|Turning of the Gingko Leaves|
Gratitude is a lifestyle. It's great that there's a holiday to remind us, but it's also a shame that we should need reminding. I remember very clearly the moment in my life when I realized gratitude was an every moment kind of thing. I was in my early twenties, and had been barrelling along, grateful here and there of course. But something shifted, and I saw the value of constant gratitude. Of gratitude for all of it, not just the things that made me prosper or feel good. I started to feed this feeling, and my life immediately became more fulfilling. I was more present and happier. And people noticed. I worked a stressful retail job, but during Thanksgiving week, I taped a big sheet of paper to the counter right beside the cash register, and at the top in bold letters I wrote "I am thankful for:" and I left some pens out beside it. I filled in the first few words, and let it take its course. By the end of the week, it was full, and everyone was so happy as they completed each transaction, reading other's gratitudes and recalling their own.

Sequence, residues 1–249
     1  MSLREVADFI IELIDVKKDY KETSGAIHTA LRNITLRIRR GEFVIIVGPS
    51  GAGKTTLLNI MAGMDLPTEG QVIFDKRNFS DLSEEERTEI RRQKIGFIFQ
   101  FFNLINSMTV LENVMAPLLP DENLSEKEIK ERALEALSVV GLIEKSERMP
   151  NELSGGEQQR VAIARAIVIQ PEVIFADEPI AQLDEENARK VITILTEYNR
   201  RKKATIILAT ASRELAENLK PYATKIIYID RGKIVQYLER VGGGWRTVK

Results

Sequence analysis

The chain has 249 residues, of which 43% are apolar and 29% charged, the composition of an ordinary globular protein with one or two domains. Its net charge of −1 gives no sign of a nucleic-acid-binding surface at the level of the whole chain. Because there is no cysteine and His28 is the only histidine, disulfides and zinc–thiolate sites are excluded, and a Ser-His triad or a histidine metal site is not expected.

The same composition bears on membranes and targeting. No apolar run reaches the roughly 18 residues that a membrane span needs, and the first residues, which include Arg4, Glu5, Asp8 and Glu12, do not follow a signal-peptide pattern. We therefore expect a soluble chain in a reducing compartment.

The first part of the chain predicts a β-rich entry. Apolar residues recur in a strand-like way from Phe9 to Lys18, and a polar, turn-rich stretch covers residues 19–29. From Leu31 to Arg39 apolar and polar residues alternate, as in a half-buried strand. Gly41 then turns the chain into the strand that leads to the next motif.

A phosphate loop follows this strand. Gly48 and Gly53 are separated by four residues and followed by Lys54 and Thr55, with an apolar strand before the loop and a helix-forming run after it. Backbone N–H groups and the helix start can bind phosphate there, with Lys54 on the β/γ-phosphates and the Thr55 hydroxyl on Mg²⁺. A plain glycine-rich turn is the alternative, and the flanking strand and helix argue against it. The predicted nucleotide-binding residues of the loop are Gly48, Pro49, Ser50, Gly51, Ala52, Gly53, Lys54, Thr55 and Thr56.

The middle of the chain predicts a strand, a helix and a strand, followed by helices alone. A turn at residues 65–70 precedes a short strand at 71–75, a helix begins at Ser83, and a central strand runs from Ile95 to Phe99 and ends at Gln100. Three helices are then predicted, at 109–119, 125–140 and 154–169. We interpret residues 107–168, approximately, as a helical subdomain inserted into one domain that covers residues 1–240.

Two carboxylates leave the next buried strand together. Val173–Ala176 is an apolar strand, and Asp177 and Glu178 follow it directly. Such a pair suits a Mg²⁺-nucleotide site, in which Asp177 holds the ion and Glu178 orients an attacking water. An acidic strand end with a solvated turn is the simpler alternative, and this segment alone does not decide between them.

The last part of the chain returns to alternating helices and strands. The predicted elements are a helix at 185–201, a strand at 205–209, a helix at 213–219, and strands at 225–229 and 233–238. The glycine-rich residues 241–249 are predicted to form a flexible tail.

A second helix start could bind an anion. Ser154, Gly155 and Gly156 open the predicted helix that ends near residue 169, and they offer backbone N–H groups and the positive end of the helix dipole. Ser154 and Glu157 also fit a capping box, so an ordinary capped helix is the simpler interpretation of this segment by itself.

Unfortunately, I didn't keep up this practice. I let it fall to the wayside when life's stresses overwhelmed me. I would come back for periods, and then forget again. I would get caught up in the stories as we can do so easily. I would forget that the hard things were worthwhile.
Here I am eight or nine years later, and what I have experienced in the past year or two has brought me back to gratitude with a new strength and devotion. I have been so conscious of every little thing, and how it affects my life. And I have been making a greater effort to show people that I am grateful. This practice is very powerful. And it grows and grows.
My wish this Thanksgiving is that we can all embrace a lifestyle of gratitude.